The Heat Is Online

Malaysia Drought Threatens Palm Oil Industry

Malaysia hit by fires and haze, sees rain ahead

Reuters News Service, Feb. 20, 2002

KUALA LUMPUR - Malaysia hopes heavy rain forecast for March will douse forest and peat fires that have sent haze across the capital Kuala Lumpur and ease a dry spell that threatens output from the country's key palm oil industry.

More than 15,000 hectares (37,000 acres) of land have been scorched by fires in the past few weeks, prompting the government to ban open burning.

The western state of Malacca is considering rationing water supplies because of dropping reservoirs and mosques there have been asked to hold special prayers for rain.

There were no reports the blazes, mainly in Peninsular Malaysia, had affected oil palm plantations in the world's largest producer but traders said a prolonged water shortage or haze could affect the production of palm oil fruits.

"This year is a little bit drier compared to last year. We are expecting some rains in the next few days, but they will be temporary," an official from the Malaysian Meteorological Service told Reuters by telephone. "However, rains will increase in mid-March, when we will be expecting afternoon thunderstorms," he added.

The eastern state of Sabah on Borneo, which with Peninsular Malaysia is the country's main oil palm growing area, is generally dry though some rain fell lately, said the official.

Smoke from the fires has been visible in the past few days in Kuala Lumpur, with an accompanying acrid smell, recalling memories of thick hazes which have veiled the city in recent years.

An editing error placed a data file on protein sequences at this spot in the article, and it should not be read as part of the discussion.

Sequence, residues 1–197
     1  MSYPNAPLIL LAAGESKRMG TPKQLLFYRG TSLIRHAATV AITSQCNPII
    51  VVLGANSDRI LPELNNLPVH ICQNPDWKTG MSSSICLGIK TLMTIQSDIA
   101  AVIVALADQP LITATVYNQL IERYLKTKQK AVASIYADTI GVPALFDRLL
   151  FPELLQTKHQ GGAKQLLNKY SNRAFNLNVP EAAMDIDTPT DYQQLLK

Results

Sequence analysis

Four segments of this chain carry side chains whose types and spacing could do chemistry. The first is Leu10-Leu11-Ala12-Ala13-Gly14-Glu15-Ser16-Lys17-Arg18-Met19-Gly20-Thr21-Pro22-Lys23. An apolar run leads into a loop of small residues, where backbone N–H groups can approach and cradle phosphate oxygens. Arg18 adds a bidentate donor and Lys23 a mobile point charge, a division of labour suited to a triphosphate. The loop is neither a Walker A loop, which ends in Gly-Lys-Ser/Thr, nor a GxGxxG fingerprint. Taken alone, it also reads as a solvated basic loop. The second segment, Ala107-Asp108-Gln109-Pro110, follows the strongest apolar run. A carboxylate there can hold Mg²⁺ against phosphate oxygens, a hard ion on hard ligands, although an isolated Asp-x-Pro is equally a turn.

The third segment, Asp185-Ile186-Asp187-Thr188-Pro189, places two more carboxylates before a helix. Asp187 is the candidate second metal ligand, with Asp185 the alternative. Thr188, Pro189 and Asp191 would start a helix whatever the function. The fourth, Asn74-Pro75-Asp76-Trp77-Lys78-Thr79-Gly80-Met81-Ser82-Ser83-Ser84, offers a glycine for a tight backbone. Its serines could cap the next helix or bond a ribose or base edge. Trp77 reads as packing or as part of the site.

Officials at the Fire and Rescue Department said fires are still burning in Selangor state, but have largely died out in other peninsula states and Sabah.

Malaysia is also the world's third largest rubber producer after Thailand and Indonesia, and has a sizeable cocoa crop.

DRY WEATHER PUSHES UP PALM OIL PRICES

The fires came on top of forecasts that an El Nino weather pattern was developing in the Pacific, the effects of which can include drought and forest fires in Southeast Asia and eastern Australia, and heavy rain and floods in the Americas. Computer models in Australia, Britain and the United States have all pointed to 2002 being another El Nino year, though it is too early to say how serious its impact might be.

Palm oil traders said if dry weather persists beyond April, production could be badly hit. Malaysia produced 11.79 million tonnes of palm oil in 2001, up from 10.83 million tonnes in 2000.

Malaysia's crude palm oil futures rallied across the board this week, aided by strong covering in the physical sector on worries that dry weather could hit output.

But by midday yesterday, the new benchmark third-month May futures contract was seven ringgit lower at 1,155 ringgit ($303.95) a tonne on a technical correction and due to a Monday holiday in Chicago soyoil futures market.

In an effort to help curb the fires, Malaysia's Department of Environment has banned almost all forms of open burning.

"The department fears the current dry spell and the open burning could jeopardise the quality of the air," Director-General Rosnani Ibarahim was quoted as saying by the national Bernama news agency this week.

Open burning will still be allowed on agricultural land where there is a disease outbreak. It is also allowed to destroy infected animals, during fire-fighting training and for religious activities, such as cremation, said Bernama.